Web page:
Second-career farmers offer advice to others entering field
By Jody Padgham, MOSES
Shoppers at People’s Food Co-op in Rochester, Minn. quickly snap up locally grown sweet potatoes produced by Sandy and Lonny Dietz at Whitewater Gardens Farm in Altura, Minn. As they enjoy the bounty, customers support a family that didn’t start out in farming, but now thrives on the fruits of a diversified vegetable operation.
“We are very lucky in being able to do what we love,” Sandy Dietz said. “I hear about a lot of people that are working at a job they hate—for the paycheck, health insurance, or to get a good retirement. And then, when they get to retirement, they are so stressed they can’t enjoy it.” Lonny Dietz agreed. “We are here for such a short time, we are grateful to be spending it doing something we love.”
Lonny and Sandy both left professional jobs—Sandy working for the Farm Service Agency, Lonny in the automotive industry—to follow their hearts and become full-time farmers. Although neither grew up on a farm, their interest in rural living led them to purchase a 136-acre farm between Rochester and Winona, Minn. in 1990.
“Even though we lived on the farm, all of our time was spent in town,” Sandy recalled about those early years. “It just wasn’t working. I wasn’t happy working in an office.” After much thought, they decided to take a chance, and in 1996 Sandy quit her job to stay home on the farm with their three young children and expand their half-acre garden to grow vegetables to sell.
Whitewater Gardens Farm now sells vegetables year-round via farmers’ markets, a 20-member CSA and wholesale accounts. Over the past 18 years, the Dietzes have refined their operation to specialize on a few crops that they do very well, including sweet potatoes. Both Lonny and Sandy enjoy working full-time on the farm, and they hire 2 to 3 full-time and several part-time employees each year.
Advice to Beginning Farmers
Lonny and Sandy got into farming by expanding their passion for gardening, but they emphasized that anyone toying with the idea needs to try it out before they commit. Being an employee or intern on a farm will expose you to the way of life, and allow you to see how the work flow feels.
“Farming is really hard work, surprisingly so for many,” Lonny said. “You have to be out there in the heat, the rain, the snowstorms. It won’t be for everyone.” The Dietzes have seen many interns and employees come on the farm with “a fairytale picture” of what they are getting into. And, Lonny cautioned, “Just having a lot of money doesn’t mean you’ll succeed at farming.”
Taking new things on gradually, learning and growing as you go, is key. “You need to explore as you go,” Lonny explained. For the Dietzes, this meant having Sandy full-time on the farm first, with Lonny joining her evenings and weekends. They figured that if Sandy could bring in $5,000 in vegetable sales, that would cover the costs of her leaving her job since many expenses associated with off-farm work, such as childcare and vehicle expenses, would no longer be needed once she was on the farm. Lonny’s income in those developing years helped them pay the bills as the business was growing, and allowed them to try new things and make the invariable mistakes that came along.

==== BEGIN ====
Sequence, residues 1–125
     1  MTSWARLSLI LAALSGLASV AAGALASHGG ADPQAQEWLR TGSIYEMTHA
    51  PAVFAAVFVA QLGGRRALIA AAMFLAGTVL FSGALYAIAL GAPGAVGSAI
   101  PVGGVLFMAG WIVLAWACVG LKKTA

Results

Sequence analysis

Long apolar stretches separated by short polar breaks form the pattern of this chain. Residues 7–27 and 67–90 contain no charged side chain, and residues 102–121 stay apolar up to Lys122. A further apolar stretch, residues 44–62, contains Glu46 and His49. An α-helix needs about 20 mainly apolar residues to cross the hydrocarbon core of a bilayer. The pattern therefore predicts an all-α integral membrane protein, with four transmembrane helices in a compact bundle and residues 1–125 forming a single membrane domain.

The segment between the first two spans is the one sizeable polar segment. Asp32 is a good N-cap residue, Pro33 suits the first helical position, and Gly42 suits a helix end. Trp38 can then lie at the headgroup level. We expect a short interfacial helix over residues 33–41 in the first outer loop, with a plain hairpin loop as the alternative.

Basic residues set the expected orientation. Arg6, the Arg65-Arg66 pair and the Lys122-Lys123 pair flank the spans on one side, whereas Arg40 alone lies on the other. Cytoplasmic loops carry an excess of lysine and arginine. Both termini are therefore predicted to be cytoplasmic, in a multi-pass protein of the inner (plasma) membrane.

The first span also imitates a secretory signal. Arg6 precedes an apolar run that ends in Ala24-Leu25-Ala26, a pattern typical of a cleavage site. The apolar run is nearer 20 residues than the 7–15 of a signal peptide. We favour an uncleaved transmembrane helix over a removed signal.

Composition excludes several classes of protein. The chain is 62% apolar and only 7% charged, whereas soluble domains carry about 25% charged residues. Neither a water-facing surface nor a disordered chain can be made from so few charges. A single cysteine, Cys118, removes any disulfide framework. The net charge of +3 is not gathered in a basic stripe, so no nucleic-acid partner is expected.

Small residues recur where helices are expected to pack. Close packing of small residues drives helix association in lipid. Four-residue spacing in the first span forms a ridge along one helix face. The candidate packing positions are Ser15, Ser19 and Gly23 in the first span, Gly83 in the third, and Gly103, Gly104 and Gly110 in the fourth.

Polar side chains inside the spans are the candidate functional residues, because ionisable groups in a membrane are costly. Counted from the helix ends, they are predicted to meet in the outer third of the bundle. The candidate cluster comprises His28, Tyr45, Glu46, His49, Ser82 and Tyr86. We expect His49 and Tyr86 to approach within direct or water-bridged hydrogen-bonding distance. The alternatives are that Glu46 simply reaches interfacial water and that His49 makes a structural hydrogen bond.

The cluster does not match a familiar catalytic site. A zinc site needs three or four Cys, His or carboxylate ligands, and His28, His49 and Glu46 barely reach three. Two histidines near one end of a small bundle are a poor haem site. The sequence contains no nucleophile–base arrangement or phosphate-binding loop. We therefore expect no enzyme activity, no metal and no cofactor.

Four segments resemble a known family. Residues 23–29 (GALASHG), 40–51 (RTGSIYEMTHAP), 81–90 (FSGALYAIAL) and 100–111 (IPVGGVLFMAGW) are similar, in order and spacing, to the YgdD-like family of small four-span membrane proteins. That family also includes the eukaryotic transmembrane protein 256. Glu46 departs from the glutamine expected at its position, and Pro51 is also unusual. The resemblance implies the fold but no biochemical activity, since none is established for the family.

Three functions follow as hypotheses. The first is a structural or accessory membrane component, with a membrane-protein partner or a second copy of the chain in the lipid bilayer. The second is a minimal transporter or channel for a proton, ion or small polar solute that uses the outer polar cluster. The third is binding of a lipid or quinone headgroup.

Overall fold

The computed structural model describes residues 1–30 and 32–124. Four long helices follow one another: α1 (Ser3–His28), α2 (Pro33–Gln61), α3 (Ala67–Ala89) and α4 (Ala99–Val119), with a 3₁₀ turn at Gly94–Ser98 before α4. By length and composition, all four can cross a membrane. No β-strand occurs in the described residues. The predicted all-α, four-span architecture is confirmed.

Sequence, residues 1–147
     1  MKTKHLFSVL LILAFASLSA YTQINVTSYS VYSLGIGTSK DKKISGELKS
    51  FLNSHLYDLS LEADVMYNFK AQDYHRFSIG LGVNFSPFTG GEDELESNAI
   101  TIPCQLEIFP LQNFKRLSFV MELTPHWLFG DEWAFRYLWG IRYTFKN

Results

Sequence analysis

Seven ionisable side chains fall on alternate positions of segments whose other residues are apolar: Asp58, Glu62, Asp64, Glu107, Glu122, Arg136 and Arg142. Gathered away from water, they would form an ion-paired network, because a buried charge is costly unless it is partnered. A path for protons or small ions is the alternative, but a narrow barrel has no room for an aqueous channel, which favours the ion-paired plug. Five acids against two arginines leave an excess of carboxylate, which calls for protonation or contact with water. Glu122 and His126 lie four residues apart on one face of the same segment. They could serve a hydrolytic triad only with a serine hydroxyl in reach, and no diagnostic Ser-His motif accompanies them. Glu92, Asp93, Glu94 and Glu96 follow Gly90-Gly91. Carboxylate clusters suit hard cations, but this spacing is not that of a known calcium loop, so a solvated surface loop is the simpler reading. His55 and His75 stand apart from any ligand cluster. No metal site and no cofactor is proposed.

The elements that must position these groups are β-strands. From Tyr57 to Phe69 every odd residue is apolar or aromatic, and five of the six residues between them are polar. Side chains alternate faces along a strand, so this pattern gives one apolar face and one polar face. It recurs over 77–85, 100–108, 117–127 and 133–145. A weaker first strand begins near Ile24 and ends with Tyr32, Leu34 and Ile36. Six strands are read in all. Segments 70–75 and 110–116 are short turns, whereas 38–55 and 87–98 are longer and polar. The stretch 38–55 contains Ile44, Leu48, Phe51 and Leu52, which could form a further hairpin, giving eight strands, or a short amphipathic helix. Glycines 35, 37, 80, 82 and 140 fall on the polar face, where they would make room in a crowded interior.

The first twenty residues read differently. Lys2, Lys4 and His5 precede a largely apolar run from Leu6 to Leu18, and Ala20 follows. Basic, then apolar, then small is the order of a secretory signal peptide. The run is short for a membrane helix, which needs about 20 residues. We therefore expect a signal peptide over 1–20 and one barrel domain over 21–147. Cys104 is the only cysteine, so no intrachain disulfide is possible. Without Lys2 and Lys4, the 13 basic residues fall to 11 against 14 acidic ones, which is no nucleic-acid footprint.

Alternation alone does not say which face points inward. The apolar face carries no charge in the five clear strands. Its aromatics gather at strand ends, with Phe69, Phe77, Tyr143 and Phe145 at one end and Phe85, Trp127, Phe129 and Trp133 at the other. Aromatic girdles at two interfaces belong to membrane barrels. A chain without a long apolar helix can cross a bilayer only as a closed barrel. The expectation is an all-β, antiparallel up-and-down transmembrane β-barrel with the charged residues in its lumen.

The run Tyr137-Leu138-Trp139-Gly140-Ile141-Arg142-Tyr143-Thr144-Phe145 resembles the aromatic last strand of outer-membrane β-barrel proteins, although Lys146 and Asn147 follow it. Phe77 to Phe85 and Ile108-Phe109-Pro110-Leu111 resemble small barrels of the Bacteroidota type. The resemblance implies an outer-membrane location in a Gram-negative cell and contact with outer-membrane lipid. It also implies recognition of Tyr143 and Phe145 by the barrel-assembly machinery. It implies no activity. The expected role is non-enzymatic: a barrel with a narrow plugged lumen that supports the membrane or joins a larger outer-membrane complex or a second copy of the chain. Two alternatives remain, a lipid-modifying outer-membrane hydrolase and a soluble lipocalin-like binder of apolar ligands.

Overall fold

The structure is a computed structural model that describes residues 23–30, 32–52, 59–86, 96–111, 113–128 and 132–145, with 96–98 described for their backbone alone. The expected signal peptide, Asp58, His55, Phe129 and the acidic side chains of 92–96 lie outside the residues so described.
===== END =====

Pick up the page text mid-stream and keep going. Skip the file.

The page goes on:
By 2001, they felt ready for Lonny to take the plunge and leave his town job, too. “My 10-year-old nephew died of cancer, and I realized that I needed to be home more to be with my family.” Lonny at that point was away for 12 hours each day, and could no longer stand missing the sporting events and dance rehearsals. They were able to adjust for the loss of his income, and have gradually expanded and diversified production.
Starting out in farming is generally hard work with low pay, but adds other value to your life. “Our employees probably take home more money than we do,” Lonny laughed, but he then lists several intangibles the family has gained. The farm owns and pays for many things, such as the truck and land, and even though the Dietzes’ personal draw was only $24,000 last year, their grocery bill is almost nil and their quality of life very high. “There are some sacrifices. There are a lot of things people may routinely spend money on that we don’t have, but we don’t need them and don’t miss them,” he added.
The three Dietz children felt the peer pressure of not having some of the things their friends had growing up, but now that they are on their own and off the farm, they appreciate the quality of their farm upbringing, Sandy said. “I see the impact of the farm in many of their life choices,” she added. Both Dietzes have stories to tell about the value of the farmers’ market as a social training ground for the children. “They learned a whole lot more about dealing with people at the market than they did in school. And, their strong work ethic makes them very employable,” Lonny added.
Lonny and Sandy continue to refine their operation and invest in improvements to expand the business and increase income. Their ideal goal for their personal draw from the farm is $40,000, but Sandy pointed out that they are purposely staying small so they can both still work the farm and not have to become full-time personnel managers. “We are aiming for that sweet spot where we can make a comfortable living but not have to manage a lot of people.”
Learn From Others